(Back in the day with the crew)
Over time, the pack shrunk in size. Some moved away. Others grew too old for the hikes. This is when I began exploring the idea of individualized walks. It was a strange concept to me. I believed a dog’s day was incomplete until they experienced a 3 hour walk through nature exploring and practicing concentration. Anything less than that was unacceptable. It took time, but I eventually gave in to the idea and was surprised to see how happy these dogs were. They looked just as happy as the pack I had. I was shocked. Its silly to look back and see how ridiculous my beliefs were. It was intense.
This gave me the opportunity to expand my services to other animals. Over the years I’ve had cats run up to my car to greet me, rabbits run laps around dogs to play, and owners fully devoted to them. I learned that this is how I best connect with people. If you want to have a regular conversation I might not be your best choice, but if you are deeply committed to making sure your pets are safe and fulfilled, we can really get along.
(Sady, Lady, Molly)
Today, I own and run Dusty Trail Dog Walking and Pet Sitting, LLC. I have used my years of pet sitting experience to create a company that is safe, professional, and effective. I no longer offer pack walks. It takes a certain type of person and a specific group of dogs to make these walks work well. The responsibility involved is something I would not want to put on any Dusty Trail walker/sitter or the pets in their care. We dedicate our time to caring for family pets with visits that are comfortable and attentive to each home. It’s what most pets thrive on. I might restart the pack walking program if the circumstances are appropriate, but for now I am having a great time doing what I do. I still walk the first client I ever had (Sady, 14 years old). She and her sister, Molly, join my dog and I for a stroll every morning. Lady is the last dog I have from my original pack. She and Sady have been through the whole journey with me. They keep the original spirit of Dusty Trail alive.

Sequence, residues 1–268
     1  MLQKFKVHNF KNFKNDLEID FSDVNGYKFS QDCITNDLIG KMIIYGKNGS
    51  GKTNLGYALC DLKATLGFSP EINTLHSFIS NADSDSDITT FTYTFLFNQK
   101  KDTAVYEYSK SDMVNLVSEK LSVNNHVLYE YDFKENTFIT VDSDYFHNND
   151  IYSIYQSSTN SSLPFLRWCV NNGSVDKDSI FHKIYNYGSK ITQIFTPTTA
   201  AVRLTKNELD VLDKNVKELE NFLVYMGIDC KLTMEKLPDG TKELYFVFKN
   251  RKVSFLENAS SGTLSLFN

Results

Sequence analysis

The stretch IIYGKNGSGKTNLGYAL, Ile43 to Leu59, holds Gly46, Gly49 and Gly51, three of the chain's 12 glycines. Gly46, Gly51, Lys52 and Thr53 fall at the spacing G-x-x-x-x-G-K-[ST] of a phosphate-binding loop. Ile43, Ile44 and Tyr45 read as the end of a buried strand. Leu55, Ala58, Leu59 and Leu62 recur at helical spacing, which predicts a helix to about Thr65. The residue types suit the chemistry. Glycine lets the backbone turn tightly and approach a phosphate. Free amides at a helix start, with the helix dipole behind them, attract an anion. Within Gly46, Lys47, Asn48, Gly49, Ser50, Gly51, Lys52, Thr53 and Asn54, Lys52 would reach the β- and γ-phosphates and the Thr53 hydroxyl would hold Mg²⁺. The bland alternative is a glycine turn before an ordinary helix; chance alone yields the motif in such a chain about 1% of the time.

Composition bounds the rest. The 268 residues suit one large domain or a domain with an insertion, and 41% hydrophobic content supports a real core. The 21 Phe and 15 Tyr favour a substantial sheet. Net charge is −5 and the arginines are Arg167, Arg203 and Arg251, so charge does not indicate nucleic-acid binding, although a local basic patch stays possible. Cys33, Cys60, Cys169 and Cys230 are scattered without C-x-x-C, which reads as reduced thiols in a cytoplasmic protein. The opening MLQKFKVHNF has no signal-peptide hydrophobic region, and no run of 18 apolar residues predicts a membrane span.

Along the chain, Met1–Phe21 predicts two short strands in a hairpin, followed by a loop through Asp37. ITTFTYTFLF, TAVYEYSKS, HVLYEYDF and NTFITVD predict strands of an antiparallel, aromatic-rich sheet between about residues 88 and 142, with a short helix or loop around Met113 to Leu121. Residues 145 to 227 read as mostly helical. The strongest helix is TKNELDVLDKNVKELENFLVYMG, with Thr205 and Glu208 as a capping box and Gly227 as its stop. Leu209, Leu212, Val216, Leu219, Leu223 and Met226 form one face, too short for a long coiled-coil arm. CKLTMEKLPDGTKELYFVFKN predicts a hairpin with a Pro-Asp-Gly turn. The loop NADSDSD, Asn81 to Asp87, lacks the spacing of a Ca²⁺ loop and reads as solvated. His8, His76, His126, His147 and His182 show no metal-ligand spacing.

My clients are grafted onto my life. They are always on my mind, and I spend every day making sure they never doubt that. I’m honored that they’ve put their faith in me to manage this enormous responsibility. This isn’t a little hobby or side job I take lightly. It’s serious business and I am 100% dedicated to it
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Dusty Trail Dog Walking and Pet Sitting services the following areas: Scotch Plains, Fanwood, Clark, South Plainfield, Colonia, Rahway, Edison, Metuchen, Port Reading, Sewaren, Iselin, Avenel, Woodbridge, Fords, Hopelawn, Perth Amboy, South Amboy